Proactive measures involve anticipating and taking action to address certain areas where staff mental health is likely to be more vulnerable. For example, this could involve looking at which employees are under additional pressure and finding tailored solutions which suit them and mitigate their risk of poor mental health. Similarly, if an organisation is aware that a challenging event is coming up (such as a tight deadline), they can ensure there are measures in place that promote good mental health in the period leading up to the event. Another proactive measure is to train managers to recognise when their colleagues are struggling. Employees can then intervene early and provide reasonable adjustments before poor mental health escalates.
Reactive measures are those which respond to an employee who is starting to suffer from poor mental health (sticking plaster measures). These are the policies which many organisations put in place. Examples of these include signposting to relevant help; providing access to counselling; having mental health first aiders; and providing supportive measures such as sickness absence policies. They can be useful, but are much more effective if underpinned by the other two.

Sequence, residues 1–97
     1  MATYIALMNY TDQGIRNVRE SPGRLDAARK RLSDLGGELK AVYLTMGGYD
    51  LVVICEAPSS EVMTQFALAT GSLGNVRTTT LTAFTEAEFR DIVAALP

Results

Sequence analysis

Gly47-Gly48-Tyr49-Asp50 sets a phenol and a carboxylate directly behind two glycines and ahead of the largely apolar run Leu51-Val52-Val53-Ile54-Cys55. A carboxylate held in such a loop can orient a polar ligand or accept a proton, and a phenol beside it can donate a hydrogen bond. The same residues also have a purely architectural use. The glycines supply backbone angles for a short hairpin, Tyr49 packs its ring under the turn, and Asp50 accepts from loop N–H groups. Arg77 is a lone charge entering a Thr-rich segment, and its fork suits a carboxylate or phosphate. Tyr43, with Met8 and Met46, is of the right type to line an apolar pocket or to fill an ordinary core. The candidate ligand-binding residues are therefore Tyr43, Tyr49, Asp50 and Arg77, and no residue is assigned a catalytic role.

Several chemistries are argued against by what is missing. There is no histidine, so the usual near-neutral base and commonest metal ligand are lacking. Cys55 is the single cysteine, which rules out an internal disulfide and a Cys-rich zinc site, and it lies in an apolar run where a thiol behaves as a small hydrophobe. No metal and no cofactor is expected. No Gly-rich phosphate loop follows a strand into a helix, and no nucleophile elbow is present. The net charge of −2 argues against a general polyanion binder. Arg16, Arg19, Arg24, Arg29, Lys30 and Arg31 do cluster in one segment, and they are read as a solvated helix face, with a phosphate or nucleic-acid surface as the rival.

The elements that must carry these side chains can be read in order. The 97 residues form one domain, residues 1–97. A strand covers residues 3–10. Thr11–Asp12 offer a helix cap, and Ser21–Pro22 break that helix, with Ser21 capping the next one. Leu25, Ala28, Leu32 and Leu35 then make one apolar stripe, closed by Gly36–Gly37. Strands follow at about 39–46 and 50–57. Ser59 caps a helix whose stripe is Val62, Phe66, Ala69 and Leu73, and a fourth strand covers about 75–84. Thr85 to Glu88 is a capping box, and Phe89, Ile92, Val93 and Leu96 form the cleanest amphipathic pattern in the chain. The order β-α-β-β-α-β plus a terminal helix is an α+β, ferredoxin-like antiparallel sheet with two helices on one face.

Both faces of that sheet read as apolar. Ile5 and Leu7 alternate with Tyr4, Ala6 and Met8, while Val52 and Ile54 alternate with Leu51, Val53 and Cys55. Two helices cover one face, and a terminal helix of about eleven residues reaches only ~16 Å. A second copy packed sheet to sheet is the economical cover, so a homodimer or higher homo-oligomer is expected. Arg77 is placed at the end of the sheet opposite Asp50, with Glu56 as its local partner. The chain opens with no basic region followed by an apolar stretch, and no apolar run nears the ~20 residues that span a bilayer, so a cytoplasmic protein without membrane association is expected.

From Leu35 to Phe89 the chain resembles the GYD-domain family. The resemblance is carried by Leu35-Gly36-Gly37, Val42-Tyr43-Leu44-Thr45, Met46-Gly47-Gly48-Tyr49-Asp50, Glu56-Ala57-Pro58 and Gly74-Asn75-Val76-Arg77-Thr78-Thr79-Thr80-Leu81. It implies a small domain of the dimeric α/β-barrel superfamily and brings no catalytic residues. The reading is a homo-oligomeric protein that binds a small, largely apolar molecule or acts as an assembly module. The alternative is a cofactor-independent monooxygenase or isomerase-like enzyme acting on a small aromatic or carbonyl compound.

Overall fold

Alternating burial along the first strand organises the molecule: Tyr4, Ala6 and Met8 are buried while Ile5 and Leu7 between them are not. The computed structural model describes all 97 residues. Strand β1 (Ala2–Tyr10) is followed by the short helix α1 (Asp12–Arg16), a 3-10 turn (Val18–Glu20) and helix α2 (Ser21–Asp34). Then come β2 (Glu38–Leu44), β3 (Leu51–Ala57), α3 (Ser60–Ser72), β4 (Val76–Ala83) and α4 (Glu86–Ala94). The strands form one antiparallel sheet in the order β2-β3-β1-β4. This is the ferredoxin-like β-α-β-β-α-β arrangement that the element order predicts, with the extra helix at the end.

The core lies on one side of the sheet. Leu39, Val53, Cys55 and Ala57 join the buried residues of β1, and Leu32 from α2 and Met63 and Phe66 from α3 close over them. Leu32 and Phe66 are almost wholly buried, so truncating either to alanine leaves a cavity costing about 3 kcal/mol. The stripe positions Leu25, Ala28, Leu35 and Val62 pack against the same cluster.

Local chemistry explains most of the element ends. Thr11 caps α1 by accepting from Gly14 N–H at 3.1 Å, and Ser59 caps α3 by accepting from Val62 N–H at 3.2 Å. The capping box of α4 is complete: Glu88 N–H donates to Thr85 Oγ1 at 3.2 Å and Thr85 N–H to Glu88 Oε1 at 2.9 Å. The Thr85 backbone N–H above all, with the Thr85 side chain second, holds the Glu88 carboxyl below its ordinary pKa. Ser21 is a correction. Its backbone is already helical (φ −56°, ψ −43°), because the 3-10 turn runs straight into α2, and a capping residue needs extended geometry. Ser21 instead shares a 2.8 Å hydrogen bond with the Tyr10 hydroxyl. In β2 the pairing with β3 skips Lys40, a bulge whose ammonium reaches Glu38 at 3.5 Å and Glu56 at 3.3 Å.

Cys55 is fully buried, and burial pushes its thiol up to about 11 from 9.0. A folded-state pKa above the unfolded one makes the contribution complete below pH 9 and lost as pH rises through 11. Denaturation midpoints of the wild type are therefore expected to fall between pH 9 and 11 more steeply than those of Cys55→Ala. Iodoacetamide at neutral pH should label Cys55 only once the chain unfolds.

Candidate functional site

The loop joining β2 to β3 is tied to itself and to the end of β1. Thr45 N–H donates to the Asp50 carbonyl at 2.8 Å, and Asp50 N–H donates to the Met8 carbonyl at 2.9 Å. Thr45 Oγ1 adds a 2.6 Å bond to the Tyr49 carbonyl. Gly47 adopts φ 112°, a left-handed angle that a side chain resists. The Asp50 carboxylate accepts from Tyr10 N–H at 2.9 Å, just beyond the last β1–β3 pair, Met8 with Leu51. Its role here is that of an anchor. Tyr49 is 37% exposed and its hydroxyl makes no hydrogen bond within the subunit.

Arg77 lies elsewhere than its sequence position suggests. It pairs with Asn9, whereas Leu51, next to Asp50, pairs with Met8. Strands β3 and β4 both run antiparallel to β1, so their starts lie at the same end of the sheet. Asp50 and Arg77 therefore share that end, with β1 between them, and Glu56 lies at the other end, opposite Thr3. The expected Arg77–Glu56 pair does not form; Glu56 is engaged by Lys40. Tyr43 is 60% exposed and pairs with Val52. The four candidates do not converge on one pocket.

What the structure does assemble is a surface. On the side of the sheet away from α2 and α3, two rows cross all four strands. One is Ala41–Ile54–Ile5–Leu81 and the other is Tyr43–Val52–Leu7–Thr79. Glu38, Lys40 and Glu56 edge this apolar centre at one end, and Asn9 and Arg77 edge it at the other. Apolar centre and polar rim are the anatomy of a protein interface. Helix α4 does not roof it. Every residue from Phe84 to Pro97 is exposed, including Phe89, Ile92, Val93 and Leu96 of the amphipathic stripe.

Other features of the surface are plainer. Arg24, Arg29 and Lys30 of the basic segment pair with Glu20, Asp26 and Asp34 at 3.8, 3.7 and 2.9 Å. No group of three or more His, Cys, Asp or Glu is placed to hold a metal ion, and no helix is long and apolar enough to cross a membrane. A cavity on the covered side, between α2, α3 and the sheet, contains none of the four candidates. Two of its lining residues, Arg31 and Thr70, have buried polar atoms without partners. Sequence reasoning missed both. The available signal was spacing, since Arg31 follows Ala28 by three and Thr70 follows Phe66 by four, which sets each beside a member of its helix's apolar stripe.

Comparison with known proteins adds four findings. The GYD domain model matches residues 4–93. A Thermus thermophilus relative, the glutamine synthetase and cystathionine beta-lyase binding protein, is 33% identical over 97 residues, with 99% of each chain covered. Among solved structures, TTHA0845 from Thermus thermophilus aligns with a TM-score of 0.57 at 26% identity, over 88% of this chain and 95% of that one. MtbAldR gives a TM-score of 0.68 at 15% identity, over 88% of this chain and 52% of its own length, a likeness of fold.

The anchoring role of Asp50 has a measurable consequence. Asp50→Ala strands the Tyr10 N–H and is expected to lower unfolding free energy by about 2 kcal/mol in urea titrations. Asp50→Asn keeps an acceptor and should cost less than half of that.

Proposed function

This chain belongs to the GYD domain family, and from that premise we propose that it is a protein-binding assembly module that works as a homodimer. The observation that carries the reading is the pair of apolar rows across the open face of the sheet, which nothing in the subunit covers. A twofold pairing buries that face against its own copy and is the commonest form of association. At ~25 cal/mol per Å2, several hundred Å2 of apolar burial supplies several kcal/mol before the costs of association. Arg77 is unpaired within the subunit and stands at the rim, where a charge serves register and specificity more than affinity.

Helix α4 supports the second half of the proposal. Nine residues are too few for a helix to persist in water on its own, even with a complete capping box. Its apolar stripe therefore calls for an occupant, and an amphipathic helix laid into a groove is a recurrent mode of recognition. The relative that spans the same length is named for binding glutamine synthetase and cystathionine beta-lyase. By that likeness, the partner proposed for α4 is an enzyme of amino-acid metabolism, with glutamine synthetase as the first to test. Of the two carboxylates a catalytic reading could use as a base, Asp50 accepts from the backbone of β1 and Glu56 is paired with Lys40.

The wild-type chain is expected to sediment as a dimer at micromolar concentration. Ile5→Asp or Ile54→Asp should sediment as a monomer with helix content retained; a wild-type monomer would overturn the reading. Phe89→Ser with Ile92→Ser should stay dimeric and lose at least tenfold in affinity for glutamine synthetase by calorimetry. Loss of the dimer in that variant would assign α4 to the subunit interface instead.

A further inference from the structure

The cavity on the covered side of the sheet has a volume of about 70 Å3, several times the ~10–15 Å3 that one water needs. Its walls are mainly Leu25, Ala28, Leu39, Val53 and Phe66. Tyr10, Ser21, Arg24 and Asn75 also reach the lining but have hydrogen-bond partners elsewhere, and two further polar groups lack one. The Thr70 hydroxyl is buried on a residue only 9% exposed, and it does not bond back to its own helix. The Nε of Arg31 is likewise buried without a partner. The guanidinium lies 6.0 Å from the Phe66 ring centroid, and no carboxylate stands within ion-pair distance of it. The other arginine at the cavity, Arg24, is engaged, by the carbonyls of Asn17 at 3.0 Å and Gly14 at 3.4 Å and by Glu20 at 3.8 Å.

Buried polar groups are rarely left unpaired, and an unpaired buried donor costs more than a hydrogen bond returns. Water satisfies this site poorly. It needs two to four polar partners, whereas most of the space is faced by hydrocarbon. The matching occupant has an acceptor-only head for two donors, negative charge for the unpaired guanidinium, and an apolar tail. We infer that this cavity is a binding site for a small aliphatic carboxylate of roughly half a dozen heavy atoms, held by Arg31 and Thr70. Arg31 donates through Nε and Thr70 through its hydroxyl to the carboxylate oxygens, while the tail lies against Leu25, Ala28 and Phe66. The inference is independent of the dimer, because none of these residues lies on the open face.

This three-tiered approach is explained in more detail in the excellent Jonathan’s Voice guide for senior leaders in the IP profession, which is available to download for free from their website.
Why it matters
Discussions then turned to the benefits of establishing a culture that supports mental wellbeing. Firstly, an organisation that is supportive of mental wellbeing is attractive to would-be employees. This is an important consideration to many when deciding which organisation they want to work for. Secondly, it is good for an organisation’s staff retention rates. The happier employees are, the more likely they are to stay. Thirdly, good mental health boosts productivity and is therefore cost-effective. Finally, ethically it is the right thing to do.